By Daniel Hunter
The government has launched a consultation on £50 million worth of tax breaks for employee-owned companies.
They [the government] want to make it easier for entrepreneurs to hand ownership of their companies to employees amid evidence that businesses owned and influenced by workers have proved more resilient during the economic downturn.
Chancellor George Osborne announced in this year's budget that the government would provide £50m in 2014, and the same amount in 2015, to support employee ownership. Alexander will say on Thursday that the government will provide tax relief that is "supportive and effective".
The Treasury will consult on offering capital gains tax relief when a controlling stake in a business is sold to employees collectively, rather than to individual shareholders.
A second tax break would allow employee-owned companies to pay staff a tax- and national insurance-free bonus each year.
“It will be interesting to see these proposals when they are finally published. So far all we have seen is the press comment fed by the Government’s spin machine," Cormac Marum, former inspector of taxes and head of tax advisory at UK200Group member firm Harwood Hutton, said.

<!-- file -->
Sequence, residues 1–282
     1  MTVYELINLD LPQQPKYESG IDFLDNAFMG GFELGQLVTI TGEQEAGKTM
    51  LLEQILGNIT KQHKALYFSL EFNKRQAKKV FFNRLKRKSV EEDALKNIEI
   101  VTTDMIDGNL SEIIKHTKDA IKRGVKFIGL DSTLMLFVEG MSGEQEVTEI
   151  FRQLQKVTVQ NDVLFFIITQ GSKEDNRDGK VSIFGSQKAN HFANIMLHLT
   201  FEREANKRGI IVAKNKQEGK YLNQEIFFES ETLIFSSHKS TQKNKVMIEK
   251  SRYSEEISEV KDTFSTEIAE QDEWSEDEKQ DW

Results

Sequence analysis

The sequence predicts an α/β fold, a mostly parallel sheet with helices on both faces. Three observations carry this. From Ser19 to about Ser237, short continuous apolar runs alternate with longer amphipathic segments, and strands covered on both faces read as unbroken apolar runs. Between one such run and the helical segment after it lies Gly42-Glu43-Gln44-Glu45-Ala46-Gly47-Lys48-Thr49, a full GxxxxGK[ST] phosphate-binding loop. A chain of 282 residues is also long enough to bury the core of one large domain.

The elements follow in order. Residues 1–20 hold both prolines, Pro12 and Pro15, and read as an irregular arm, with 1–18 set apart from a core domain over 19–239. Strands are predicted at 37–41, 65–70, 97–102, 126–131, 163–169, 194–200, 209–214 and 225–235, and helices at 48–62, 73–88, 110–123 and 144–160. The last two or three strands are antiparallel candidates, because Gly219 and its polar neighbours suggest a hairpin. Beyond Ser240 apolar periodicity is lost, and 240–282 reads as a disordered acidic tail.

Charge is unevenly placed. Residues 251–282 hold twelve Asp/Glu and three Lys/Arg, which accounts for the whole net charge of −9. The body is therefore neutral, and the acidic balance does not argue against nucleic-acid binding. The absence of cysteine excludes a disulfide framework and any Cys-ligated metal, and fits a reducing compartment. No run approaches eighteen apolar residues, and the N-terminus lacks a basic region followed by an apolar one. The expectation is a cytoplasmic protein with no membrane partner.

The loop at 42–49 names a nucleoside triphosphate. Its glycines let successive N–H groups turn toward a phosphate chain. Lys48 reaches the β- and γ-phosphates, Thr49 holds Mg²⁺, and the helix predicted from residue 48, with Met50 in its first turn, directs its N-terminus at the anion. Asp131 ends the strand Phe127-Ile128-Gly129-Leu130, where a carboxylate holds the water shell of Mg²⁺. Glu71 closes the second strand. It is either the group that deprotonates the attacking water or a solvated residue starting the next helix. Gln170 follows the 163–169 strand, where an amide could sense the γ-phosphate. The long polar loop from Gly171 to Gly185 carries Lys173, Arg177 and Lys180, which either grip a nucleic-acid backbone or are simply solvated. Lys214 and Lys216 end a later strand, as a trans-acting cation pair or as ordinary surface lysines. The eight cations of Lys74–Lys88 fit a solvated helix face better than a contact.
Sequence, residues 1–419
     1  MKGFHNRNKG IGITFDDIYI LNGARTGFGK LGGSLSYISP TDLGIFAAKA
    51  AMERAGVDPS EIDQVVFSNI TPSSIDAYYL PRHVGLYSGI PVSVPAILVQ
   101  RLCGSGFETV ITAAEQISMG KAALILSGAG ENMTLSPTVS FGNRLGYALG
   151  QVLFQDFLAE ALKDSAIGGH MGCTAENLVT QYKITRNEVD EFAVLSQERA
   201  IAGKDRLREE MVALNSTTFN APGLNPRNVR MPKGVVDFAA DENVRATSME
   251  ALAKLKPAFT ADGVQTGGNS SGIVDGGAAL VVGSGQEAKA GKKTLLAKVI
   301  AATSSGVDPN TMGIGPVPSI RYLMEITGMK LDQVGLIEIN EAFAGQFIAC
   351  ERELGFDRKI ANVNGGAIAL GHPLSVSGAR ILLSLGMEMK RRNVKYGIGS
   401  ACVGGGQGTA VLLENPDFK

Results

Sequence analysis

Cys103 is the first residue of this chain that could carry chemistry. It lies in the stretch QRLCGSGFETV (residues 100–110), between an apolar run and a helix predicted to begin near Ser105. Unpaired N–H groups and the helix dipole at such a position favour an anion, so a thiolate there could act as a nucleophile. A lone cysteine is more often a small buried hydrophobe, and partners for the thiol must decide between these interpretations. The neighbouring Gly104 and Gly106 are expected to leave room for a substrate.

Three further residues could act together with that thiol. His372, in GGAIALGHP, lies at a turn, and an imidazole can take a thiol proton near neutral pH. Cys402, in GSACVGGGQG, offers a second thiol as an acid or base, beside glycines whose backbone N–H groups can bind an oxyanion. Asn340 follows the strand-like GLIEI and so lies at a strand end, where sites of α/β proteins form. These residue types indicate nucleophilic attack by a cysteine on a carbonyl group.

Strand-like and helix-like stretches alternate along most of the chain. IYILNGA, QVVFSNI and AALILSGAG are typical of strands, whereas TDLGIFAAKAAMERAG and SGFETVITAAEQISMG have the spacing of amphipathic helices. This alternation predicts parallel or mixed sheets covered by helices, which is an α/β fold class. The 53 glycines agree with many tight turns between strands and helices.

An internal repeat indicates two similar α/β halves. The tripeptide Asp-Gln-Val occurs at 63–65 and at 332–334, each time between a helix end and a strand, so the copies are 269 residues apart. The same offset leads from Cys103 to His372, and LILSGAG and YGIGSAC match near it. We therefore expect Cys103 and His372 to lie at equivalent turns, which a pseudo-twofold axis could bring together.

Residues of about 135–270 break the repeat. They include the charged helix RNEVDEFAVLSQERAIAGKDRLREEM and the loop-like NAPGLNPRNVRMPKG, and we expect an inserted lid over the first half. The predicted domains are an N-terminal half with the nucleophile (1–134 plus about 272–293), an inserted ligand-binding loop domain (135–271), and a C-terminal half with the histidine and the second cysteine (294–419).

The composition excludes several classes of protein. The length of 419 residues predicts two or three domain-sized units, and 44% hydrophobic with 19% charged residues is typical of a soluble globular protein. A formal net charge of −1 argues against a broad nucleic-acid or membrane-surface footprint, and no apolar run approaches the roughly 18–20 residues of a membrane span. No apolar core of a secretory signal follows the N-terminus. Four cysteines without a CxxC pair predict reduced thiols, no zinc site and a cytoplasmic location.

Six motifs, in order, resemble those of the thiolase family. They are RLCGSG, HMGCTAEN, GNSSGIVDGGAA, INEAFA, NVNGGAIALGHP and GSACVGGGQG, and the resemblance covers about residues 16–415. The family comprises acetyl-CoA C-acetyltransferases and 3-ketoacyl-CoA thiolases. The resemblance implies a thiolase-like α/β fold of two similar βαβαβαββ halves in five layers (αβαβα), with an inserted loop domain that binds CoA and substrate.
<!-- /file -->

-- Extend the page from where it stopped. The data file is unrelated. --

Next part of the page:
“All the evidence suggests that, where employees have a stake in the business in which they work, results improve all around. Any measures which encourage wider employee ownership should be welcome.
“Currently, if owners of a family company transfer ownership to its employees, the departing owners usually pay capital gains tax at just 10%. If they pass majority ownership to an employee trust, the transfer is tax-free. It is hard therefore to see what a new improved capital gains tax relief will be. Presumably, it will allow a tax-free transfer of a controlling stake directly to the employees collectively?
“Hopefully, the new measures proposed will not be burdened by reams of anti-avoidance regulations designed to prevent ‘abuse’. Either transferring a controlling stake to employees collectively is a good thing or it is not. Set some simple rules and allow people to use them. Smothering them in masses of anti-avoidance tests will simply weigh down a promising idea before it gets off the ground.
“Will these new rules help with management buy-outs? Such MBOs have been a common way for businesses to be passed on to new owners. To date, the MBO team has often been narrowly drawn and funded by venture capital finance. This has been criticised for encouraging a short-term strategy as the venture capital fuelled MBO seeks a short burst of growth followed by a quick exit. While such strategies, if successful, deliver big financial rewards for the few in the MBO team and their financial backers, they don’t necessarily benefit the majority of the workforce.
"Will these new measures encourage MBOs where employees collectively receive a majority stake in the business? Could this temper the normal short-termism and allow the wider workforce to enjoy the fruits of more sustained success over a longer time? Probably not, if venture capital money has still to be relied upon to finance the business and insists on its quick return. Probably yes, if longer term finance was available to such businesses.”
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